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Temple Treats
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It is estimated that there were more than 700 temples in Beijing prior to 1949, both inside the city, and in the suburbs. The exact number of temples in the capital now is unknown, but dozens of good examples remain.


Many of the temples were damaged in the "cultural revolution" (1966-76) or taken over by residents. But with the government's restoration efforts, some remain intact and are becoming increasingly popular with worshipers and tourists. Here we list a selection of the capital's best temples.



Yonghegong Lama Temple


A famous tourist destination, and also the biggest Tibetan Buddist temple of the Yellow School in Beijing. Built in the Qing Dynasty, it was the former residence of Emperor Yongzheng before he took the throne. The temple combines the architectural styles of Han, Manchu, Mongolian and Tibetan peoples. Rosewood Arhat sculptures, white sandlewood Buddha statues and Buddha niche carved with silkwood are three must-see things at the temple.



Andingmen Dongdajie, Dongcheng District. 6404-9027. Bus routes: 13, 62, 44, 406 at Yonghegong station; or take the subway to arrive at Yonghegong.


Miaoying Temple


This Buddhist temple, also called Temple of the White Pagoda was first built in the Yuan Dynasty, but was later burned down and rebuilt in the Ming Dynasty. The current temple was largely built in the Qing Dynasty. Only the white pagoda was left over from Yuan Dynasty, a structure that is more than 700 years old. The pagoda is an important symbol of Yuandadu, the first capital set up in the Yuan Dynasty in 1279 by Kubla Khan. It is also the biggest Tibetan Buddhist pagoda in China.


North of Fuchengmennei Dajie. 6616-0211. Bus routes: 13, 101, 102, 103, 823, 812, 814, at Baitasi station.


Guangji Temple


Built in the Jin Dynasty, this temple is more than 800 years old. The architecture inside is preserved from the Ming Dynasty, when it was rebuilt and given the present name. The bronze statues of Buddha are extremely precious. There are also stone tablets engraved with a poem by Qianlong, a Qing Dynasty emperor. The temple is where China Buddhist Association is located, and is the center of the country's Buddhist activities.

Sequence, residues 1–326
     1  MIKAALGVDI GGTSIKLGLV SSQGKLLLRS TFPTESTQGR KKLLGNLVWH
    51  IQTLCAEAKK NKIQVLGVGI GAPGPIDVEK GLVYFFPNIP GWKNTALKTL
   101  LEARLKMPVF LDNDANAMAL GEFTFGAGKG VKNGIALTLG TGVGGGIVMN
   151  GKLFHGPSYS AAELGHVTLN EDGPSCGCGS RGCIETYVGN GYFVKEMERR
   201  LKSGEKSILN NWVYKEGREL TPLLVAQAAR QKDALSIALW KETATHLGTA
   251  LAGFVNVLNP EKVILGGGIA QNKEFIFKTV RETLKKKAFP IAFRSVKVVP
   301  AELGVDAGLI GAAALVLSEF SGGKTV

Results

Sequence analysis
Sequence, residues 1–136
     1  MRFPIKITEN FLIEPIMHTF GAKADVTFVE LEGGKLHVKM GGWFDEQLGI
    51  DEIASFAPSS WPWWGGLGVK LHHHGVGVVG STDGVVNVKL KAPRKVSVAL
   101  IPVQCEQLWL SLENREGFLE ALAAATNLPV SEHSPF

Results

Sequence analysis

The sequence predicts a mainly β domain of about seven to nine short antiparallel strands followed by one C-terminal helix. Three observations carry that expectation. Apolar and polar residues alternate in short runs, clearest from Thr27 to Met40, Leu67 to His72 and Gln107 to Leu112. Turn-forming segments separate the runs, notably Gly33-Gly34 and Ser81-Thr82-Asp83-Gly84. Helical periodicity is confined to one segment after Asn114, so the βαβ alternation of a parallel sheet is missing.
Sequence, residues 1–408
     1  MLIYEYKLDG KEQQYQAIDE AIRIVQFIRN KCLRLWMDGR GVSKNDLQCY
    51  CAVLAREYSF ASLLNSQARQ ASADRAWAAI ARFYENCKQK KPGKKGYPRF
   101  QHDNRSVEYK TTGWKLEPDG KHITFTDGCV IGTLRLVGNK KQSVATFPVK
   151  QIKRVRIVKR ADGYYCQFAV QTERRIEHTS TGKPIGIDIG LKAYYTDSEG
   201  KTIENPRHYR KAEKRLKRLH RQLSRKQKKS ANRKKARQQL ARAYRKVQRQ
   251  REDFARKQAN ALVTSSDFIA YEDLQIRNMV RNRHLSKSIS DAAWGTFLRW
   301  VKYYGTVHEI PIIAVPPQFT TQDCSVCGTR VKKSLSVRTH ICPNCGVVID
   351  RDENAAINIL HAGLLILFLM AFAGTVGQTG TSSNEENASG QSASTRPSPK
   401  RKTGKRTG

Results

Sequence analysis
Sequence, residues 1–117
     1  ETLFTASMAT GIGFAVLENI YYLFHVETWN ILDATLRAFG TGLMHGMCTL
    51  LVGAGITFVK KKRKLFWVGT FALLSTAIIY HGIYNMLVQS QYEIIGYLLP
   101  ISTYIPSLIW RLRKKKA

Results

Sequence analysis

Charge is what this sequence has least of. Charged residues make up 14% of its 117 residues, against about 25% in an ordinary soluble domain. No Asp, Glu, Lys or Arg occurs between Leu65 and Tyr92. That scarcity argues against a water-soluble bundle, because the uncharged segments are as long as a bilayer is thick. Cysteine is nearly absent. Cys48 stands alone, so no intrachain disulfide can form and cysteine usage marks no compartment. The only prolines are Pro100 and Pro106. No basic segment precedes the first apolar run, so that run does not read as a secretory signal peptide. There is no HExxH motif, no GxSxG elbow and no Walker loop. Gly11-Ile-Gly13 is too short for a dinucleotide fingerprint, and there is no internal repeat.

Northwest corner, Xisi Crossroad, Xicheng District. 6616-0907. Bus routes, 13, 101, 102, 105, 823, 812, 814, at Xisi station.


Fayuan Temple


Established 1,300 years ago, this temple is the oldest and biggest temple in Beijing. It is where the China Buddhist Institute and China Buddhist Literature and Cultural Relics Museum are located. The Buddhist scripture library at the ancient temple provides a display of stone sculptures from Eastern Han, Wu of Three Kingdoms, Northern Wei, Northen Dynasty, Sui and Tang dynasties. A wooden sculpture of Buddha that measures 10 meters is the biggest lying Buddha in Beijing. The temple is known for its thousands of cloves.


7 Fayuansi Qianjie, Xuanwu District. 6353-3966.


White Cloud Taoist Temple


The biggest Taoist temple in Beijing, it was built to mark Qiu Chuji, one of seven disciples of Wang Chongyang, the founder of a northern school, Quanzhen School, of Taoism. Qiu's remains are still buried below the seat of a hall marking him in the temple. The temple is home to the largest collection of Taoist literature and books. The China Taoist Association is also located here.


Baiyun Lu, Xicheng District. 6346-3531. Bus routes: 19, 414, at Baiyunguan station, or 114, 308, 937 at Baiyunguan station and walk south.


Dazhong Temple (or Juesheng Temple)



Named after a big bronze bell in the temple, it is now also known as the Chinese Ancient Bell Museum. There are presently 439 items/sets of ancient bells in the museum, the oldest of which is more than 500 years old. Other bells were made in the Yuan, Ming and Qing dynasties.


North side of the North Third Ring Road. 6255-0819. Bus routes: 302, 367, 718, at Dazhongsi station.


Dongyue Temple


With more than 600 years of history, this Taoist temple is the biggest of its kind for the Zhengyi School of Taoism. It is known for its stone tablets engraved with scriptures. There are more than 3,000 statues of gods. The architectural art and scale is among the best in China.


North of Chaoyangmenwai Dajie. 6551-0151. Bus routes: 110, 112, 109, at Shenlu Jie station; or take subway, get to Chaoyangmen station and walk east.


Confucius Temple


Where emperors paid homage to Confucius and where the best Chinese scholars studied.


Guozijian Jie. 8401-1977. Bus routes: 13, 406, 807, at Guozijian station, or take the subway, get off at Yonghegong station and walk south.


Jietai Temple


This temple is named after jietai, the altar where monks are initiated into monkhood. It is known for having the most complete and well-preserved group of stone Buddha carvings.


Shimenying, Mentougou District, west Beijing. 6980-2645. ,


Hongluosi Temple


Named after the legend of the red snail fairy. This temple was once home to many distinguished monks. The mountain on which it sits also has some fantastic views.


Huairou County. 6068-1639. It's some 55 km nortwest to Beijing downtown. Taking bus 936 (Extension) at Dong Zhimen bus station can reach the temple directely.


Yunju Temple


This temple is famous for its collection of caves with stone scriptures, Buddhist relics, and beautiful mountain views.


At the foot of Baidaishan, Fangshan District, southwest of Beijing. 6138-1612. Bus routes: take bus 917 at Tianqiao to get to Yunjusi or Shidu.


(China Daily March 13, 2007)


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